Are you a chemical engineer? Nor am I, but browsing through the job ads on the Science and Nature websites kind of makes me wish I were. Business is booming! But why do I know this?
I have not quite mastered the art of the Advanced Search. My three sources for job ads (not including my thesis advisor) are Science, Nature, and NeuroJobs on the Society for Neuroscience website, and I haven't found any to be completely user-friendly (if you know of any other good resources, by all means share!). Of course, the paranoid part of me is wondering whether this is some sort of test; if I'm not savvy enough find the right job to apply to, I can't possibly be qualified to fill the position, now can I?
I went through a similar period of self-doubt when I applied for a K99-R00 Pathway to Independence award from NIMH earlier this year. The NIH grants website is nearly impenetrable, and you need to cross-reference the guidelines there with a 250-page pdf manual, out of which you must extract the scattered instructions specific to your particular grant. It's a real exercise in Not Repeatedly Smashing Your Laptop Into the Wall, and I quickly became certain that it was all part of an elaborate filtration process by which most people would, in frustration, give up on science altogether. Wheat from the chaff, you know?
So here I am again questioning my worth, only now it's according to the ease with which I come across listings for The Perfect Job. How useful I'm finding these search engines varies by website, with Nature coming in dead last. It's terrible. As far as I can tell, there's no easy way to sort out tenure track faculty jobs from, say, post-doc jobs, and there are a LOT of post-doc jobs. Thousands. When you put "professor" into the search, it comes up with post-doc jobs that ask you to send your application to Dr Joe Scientist, Professor of Chemical Engineering. To try to eliminate post-doc jobs in your results, you can use the "-" symbol to leave out anything that says "post-doc" in it, putting the expression "-post-doc" in the search bar along with "+neuroscience". However, this poses at least two problems, the most important being, do you know how many different ways people choose to write the word "post-doc"?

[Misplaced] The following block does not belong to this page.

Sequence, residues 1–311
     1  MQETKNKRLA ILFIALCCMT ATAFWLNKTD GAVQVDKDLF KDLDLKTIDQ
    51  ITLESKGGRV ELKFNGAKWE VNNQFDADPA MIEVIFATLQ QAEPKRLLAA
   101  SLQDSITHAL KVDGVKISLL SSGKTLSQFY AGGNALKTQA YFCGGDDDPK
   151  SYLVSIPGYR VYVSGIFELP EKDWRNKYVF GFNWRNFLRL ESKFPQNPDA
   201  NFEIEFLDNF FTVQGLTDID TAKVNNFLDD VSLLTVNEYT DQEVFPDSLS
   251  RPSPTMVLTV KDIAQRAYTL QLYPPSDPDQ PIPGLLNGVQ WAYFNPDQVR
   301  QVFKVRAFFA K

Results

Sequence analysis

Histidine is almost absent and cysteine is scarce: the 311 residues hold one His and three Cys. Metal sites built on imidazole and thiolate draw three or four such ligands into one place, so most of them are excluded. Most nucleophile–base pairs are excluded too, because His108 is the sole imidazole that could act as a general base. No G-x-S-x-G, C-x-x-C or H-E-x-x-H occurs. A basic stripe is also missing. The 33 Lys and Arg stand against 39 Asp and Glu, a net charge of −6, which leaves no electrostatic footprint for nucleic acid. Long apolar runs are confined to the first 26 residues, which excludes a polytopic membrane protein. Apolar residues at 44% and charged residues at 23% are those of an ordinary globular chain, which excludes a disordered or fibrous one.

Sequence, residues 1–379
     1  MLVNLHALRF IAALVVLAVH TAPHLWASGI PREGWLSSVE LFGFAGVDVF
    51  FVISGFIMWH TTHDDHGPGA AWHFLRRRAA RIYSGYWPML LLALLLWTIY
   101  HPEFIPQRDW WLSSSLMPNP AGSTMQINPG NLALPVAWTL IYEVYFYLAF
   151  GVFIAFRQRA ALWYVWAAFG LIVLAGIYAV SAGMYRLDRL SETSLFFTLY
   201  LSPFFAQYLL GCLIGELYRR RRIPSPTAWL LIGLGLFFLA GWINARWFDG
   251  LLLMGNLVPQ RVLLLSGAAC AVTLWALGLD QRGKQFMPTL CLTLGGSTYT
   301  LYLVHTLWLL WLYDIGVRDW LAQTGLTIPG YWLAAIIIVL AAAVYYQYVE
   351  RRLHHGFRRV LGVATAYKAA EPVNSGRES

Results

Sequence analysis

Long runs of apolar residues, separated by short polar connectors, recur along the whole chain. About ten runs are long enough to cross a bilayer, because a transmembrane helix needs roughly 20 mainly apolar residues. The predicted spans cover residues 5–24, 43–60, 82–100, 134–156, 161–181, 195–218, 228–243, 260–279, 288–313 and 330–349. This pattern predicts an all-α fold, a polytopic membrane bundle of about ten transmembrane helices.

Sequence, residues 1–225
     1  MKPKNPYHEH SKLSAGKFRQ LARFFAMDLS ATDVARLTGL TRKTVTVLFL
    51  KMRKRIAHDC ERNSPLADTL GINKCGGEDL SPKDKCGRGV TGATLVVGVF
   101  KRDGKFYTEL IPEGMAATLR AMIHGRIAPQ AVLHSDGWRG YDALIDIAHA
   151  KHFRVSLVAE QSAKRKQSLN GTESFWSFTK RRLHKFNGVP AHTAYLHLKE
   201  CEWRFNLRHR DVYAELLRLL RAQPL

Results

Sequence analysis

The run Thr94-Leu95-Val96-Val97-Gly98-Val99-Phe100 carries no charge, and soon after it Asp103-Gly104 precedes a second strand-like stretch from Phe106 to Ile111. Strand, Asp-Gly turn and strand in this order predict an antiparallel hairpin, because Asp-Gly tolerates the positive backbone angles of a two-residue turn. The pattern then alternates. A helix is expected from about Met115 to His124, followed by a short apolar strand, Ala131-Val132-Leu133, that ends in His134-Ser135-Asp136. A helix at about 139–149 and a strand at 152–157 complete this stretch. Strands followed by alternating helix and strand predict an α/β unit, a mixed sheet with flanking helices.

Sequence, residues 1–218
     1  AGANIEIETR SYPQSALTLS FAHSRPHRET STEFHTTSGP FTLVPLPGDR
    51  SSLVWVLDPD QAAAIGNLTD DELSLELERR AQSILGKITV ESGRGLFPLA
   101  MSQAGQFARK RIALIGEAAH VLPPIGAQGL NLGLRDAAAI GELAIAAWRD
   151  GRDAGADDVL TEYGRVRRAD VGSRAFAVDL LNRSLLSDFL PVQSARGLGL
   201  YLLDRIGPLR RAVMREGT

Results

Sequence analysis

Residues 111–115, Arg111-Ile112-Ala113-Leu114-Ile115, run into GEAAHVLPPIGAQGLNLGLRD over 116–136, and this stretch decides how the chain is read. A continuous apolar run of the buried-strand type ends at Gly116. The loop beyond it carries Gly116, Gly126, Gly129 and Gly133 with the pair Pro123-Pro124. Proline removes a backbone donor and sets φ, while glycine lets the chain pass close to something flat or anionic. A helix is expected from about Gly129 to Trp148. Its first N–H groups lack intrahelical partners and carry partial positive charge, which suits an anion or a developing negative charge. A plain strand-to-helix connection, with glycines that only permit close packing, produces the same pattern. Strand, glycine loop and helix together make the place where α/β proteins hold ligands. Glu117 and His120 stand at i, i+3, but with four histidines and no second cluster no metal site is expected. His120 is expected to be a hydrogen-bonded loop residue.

Well, there's "post-doc", "postdoc", "post doc", but then you need to also include "postdoctoral", "post doctoral" etc., etc....it's a pain! The second problem is that you end up ruling out ads that say something like, "minimum 2 years post-doctoral experience required for this very excellent tenure-track faculty job." And then you still need to narrow things down so as to rule out all the Chemical Engineering positions.
Science is much better, with a nice big button that says "Faculty Jobs". Thank you! That was easy, wasn't it? Once you click through you get a nice list of the job posting, plus the school and location. You can narrow this search with "neuroscience" or "neurobiology" or "psychology" (my big three), to get a pretty streamlined list of jobs you may want. Neurojobs is basically the reverse, since all posts are at the very least neuro-related (no chemical engineering positions here!), but then you need to narrow with "professor" or "faculty" (apparently there are far fewer post-doc positions listed here). You can also easily filter the jobs by "academic", "not-for-profit", "industry" etc, in case your experience with the K-99 made you never want to write another grant again. It should be noted that Neurojobs is free for SfN members, but $25 A DAY if you're not.
One thing that seems so obvious to me is that there should be some kind of uniformity in the way these jobs are listed. For example, when the department chair goes to list the position, he or she should have to click a box that says "assistant professor" "post-doc" "technician", etc., rather than making up the name of the job. That way job searchers can easily search by category, and not have to guess whether "Position in Neuroscience" is something we'd like to apply for.
Hmmm...perhaps I should be looking in these sites for openings in web design?
The Plight of the Post-Doc